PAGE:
Where, as here, defendants are convicted under substantive statutes and RICO predicated on those statutes, there is no double jeopardy violation in this case because the elements of the statutes differ. For example, the gambling statute under which defendants were convicted requires proof that five or more persons were participating in the business, that the business was in substantially continuous operation for 30 days or more, or that the business had gross revenues of $ 2,000 in any single day. 18 U.S.C. § 1955 ("Section 1955"). None of these elements are required to prove the RICO violation of which defendants were convicted. RICO requires proof that an enterprise existed and that the person participated in the conduct of the enterprise through a pattern of racketeering activity or the collection of unlawful debts. 18 U.S.C. § 1962 see Aucoin, 964 F.2d at 1500. While debt collection is a necessary part of a gambling operation, it is not a specified element of Section 1955. Therefore, since the substantive offenses of which defendants were convicted require proof of facts which the RICO offense does not, see Blockburger v. United States, 284 U.S. 299, 304, 76 L. Ed. 306, 52 S. Ct. 180 (1932), defendants' sentences do not violate the Double Jeopardy Clause. *fn9"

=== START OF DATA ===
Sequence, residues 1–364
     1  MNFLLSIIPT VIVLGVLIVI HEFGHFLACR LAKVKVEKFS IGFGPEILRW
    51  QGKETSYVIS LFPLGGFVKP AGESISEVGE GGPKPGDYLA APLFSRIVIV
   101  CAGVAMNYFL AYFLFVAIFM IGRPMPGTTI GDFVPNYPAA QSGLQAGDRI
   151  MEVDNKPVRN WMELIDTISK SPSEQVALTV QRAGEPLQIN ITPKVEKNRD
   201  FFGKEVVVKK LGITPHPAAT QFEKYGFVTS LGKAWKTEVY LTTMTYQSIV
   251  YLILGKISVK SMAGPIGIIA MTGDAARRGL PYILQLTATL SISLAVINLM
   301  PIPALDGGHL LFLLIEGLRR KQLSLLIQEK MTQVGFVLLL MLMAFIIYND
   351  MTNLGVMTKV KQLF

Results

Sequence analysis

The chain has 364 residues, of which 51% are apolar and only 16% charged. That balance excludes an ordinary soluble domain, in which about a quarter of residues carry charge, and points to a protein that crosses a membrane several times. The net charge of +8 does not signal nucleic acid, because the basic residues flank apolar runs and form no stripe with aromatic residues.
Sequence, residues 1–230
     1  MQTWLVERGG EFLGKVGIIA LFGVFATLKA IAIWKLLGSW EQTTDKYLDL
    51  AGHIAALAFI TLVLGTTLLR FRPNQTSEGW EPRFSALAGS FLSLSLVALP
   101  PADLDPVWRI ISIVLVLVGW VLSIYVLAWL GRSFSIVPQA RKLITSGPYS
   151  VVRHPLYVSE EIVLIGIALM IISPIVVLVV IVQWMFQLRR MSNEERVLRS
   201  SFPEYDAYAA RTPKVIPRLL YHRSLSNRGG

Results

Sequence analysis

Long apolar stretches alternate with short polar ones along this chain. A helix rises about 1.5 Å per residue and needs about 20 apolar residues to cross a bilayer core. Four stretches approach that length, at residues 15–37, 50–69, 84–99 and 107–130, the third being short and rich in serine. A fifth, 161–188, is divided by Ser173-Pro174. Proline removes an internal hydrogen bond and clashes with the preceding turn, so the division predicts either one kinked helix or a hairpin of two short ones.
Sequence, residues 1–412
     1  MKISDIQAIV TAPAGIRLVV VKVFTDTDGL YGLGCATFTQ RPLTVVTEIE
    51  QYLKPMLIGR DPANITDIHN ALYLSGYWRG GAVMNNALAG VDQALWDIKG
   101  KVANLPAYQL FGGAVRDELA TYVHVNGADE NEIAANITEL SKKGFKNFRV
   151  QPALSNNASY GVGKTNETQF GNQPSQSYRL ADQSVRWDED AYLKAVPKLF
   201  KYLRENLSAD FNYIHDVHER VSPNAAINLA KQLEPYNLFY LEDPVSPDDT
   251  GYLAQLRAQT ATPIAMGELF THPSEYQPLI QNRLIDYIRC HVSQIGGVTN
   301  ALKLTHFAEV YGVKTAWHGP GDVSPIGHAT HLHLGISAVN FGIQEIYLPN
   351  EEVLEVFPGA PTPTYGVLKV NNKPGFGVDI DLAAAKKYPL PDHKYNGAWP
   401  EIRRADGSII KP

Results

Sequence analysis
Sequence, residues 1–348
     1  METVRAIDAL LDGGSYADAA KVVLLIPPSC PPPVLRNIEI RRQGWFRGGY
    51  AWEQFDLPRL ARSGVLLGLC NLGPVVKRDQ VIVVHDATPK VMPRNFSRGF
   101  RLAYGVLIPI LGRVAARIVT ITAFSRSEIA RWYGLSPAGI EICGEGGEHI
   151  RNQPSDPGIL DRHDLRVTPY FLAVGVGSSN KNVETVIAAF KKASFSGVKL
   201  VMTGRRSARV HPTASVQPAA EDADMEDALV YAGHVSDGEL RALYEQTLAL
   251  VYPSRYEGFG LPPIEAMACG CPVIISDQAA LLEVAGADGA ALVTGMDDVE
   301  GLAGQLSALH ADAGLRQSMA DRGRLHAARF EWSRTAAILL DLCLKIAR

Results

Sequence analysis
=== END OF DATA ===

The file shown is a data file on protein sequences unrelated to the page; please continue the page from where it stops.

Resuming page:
Since defendants do not raise objections which provide a sufficient basis for this court to reconsider its extensive rulings of defendants' guideline computations, this court denies defendants' motions to reconsider.

 Conclusion

 For the reasons stated above, defendant Infelise's, Bellavia's, and Marino's motions to reconsider court sentencing opinions are denied.

 ENTER:

 Ann Claire Williams, Judge

 United States District Court

 Dated: AUG 17 1993